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Ryk Hattingh's new play disappoints

2001-04-25 15:20

Johannesburg - How to Disappear Completely, is the title of one of Radiohead's songs on their album Kid A and would have been a far more appropriate title for Ryk Hattingh's solo play Eensnaar.

Hattingh packed his bags and moved to New Zealand. And it is from there that he wrote the play on commission. Although the play is supposed to be about South African author CL Leipoldt, the departure point and theme of the drama Eensnaar deal with emigration and alienation.

Security and imagination are strange bedfellows David Butler (who plays the role of Hattingh) tells the audience. "The one engorges the other."

Soon after his confession session the main character (who is living "on this island") receives a phone call from South Africa. He has to write something about Leipoldt.

At first he in inclined to refuse the request and is more concerned over his search for a "fresh tongue" he wants to prepare for his guests. The "air is damp here" and "spoils the tongue".

One suspects that the muse was disinclined to waltz with Hattingh and a lack of inspiration - more than anything else - fuelled the commissioned play. What follows is a selection of loose ends he tries to knock together by means of self reflection and a pinch of post modernism. Thank heavens he is aware of the fact that he is "monotonously" hitting a single string.

Hattingh even goes to the extent of exposing the Klein Karoo National Arts Festival in a recitation from Bitterkomix 10. He reads as follows: "You Pasella viewers and KKK festival goers - it's you who are threatening the future of Afrikaans with your never-ending nostalgia for the old South Africa. With your patronising smiles and affected hospitality. With your shit taste and shameless materialism."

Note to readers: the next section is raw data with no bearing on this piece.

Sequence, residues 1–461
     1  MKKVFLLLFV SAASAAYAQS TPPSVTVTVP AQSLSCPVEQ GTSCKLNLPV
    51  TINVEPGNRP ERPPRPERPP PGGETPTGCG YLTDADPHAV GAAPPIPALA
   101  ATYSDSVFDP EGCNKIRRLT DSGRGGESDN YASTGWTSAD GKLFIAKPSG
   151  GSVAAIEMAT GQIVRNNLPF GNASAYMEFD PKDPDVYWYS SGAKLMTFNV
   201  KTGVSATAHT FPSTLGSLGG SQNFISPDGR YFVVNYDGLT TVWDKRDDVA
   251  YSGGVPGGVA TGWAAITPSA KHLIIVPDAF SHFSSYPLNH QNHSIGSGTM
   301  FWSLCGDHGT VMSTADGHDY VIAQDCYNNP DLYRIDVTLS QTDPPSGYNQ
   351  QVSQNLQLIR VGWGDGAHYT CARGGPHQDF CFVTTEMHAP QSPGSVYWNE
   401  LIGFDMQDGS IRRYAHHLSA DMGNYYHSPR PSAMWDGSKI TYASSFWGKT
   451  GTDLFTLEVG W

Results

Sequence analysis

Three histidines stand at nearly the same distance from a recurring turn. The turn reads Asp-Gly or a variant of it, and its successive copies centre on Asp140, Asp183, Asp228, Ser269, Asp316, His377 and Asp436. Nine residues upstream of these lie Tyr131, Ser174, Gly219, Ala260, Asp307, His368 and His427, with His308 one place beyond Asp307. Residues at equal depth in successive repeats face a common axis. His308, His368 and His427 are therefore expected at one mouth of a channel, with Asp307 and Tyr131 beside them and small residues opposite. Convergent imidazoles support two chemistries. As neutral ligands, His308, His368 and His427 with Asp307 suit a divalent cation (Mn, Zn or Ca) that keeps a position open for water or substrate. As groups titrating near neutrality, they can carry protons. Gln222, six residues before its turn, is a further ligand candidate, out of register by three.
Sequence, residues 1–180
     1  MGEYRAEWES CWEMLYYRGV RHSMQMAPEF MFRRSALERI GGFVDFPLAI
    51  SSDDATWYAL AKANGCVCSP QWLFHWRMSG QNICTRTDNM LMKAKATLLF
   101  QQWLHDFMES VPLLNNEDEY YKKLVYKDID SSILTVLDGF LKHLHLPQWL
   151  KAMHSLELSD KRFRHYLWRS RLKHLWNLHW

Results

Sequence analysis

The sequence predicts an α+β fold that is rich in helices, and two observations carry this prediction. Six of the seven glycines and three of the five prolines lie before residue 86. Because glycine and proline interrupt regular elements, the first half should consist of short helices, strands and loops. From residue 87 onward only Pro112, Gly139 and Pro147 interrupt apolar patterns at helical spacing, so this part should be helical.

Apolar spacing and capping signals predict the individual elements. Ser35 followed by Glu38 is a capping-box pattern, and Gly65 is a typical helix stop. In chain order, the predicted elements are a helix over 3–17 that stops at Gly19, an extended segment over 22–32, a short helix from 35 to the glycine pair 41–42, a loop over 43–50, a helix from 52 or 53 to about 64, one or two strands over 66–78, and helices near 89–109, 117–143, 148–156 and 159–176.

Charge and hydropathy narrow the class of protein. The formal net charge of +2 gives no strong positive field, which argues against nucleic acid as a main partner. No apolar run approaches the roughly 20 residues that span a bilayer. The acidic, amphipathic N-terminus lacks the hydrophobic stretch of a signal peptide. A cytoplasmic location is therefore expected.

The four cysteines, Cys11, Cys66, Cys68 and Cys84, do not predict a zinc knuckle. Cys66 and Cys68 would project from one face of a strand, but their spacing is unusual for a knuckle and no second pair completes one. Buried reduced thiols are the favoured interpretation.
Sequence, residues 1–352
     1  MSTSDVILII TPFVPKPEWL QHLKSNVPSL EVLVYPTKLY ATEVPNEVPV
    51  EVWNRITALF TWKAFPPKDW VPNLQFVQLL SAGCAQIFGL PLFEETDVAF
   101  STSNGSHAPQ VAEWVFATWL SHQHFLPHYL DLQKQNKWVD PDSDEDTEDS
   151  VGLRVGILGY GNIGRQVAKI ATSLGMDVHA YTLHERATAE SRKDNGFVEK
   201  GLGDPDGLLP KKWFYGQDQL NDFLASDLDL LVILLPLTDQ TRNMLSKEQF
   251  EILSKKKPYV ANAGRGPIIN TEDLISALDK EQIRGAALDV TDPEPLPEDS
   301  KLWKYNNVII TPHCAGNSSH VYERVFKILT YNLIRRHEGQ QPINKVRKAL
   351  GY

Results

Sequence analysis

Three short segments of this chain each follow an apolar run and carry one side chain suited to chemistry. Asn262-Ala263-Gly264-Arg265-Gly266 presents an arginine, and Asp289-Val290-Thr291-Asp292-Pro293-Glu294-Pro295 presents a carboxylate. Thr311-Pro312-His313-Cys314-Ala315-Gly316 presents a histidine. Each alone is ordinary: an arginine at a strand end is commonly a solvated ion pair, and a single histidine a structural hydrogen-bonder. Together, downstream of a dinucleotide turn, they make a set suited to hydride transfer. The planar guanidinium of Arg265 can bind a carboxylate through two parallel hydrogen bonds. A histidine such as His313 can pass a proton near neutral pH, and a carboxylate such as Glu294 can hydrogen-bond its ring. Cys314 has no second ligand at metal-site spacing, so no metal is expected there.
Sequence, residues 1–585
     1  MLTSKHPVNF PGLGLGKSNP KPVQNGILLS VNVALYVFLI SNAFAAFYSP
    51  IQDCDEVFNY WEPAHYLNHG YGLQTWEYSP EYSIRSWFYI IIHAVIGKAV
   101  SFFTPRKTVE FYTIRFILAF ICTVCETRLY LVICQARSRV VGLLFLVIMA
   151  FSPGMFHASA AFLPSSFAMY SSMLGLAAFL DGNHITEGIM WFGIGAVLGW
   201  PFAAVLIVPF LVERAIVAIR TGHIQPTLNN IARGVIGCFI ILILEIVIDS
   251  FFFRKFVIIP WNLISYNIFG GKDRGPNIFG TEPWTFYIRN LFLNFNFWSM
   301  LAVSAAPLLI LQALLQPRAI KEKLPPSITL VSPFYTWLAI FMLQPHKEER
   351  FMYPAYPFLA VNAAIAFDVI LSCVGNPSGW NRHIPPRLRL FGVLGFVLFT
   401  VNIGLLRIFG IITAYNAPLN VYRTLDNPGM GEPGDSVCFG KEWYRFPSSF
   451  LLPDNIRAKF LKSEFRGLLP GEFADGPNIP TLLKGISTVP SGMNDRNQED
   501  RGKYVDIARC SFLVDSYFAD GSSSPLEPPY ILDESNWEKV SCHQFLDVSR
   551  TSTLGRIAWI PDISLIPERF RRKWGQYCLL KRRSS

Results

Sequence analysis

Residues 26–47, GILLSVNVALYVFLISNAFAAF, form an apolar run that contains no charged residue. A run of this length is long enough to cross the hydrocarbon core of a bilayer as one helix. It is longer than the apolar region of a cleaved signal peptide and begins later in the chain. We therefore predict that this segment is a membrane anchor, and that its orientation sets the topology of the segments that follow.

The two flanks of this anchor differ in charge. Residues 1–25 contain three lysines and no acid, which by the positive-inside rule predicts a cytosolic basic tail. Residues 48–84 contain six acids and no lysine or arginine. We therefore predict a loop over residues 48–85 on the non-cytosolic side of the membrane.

His bitterness later on finds a stronger echo when he says: "Rather allow the language (Afrikaans) to die. Scram! Be seated at the right-hand side of Latin."

Hattingh (Butler) occasionally recites a Leipoldt poem or takes the author's Polfyntjies vir the Proe and his Leipoldt's Cape Cooking off the shelf to read from it. The fact that Leipoldt was a Buddhist is underlined by means of a totally unconvincing yoga lesson.

Music, (such as the Radiohead song mentioned before) chattering birds and other sound effects are occasionally relayed over the sound system, however in such a disruptive way that Butler has to compete in order to be heard above it.

One naturally does not expect Hattingh to commemorate a versatile person such as Leipoldt in a poetry reading programme. However his rangings between disjointed ideas is definitely not inspiring theatre. Hattingh is totally correct in saying: "A brick is not a house."

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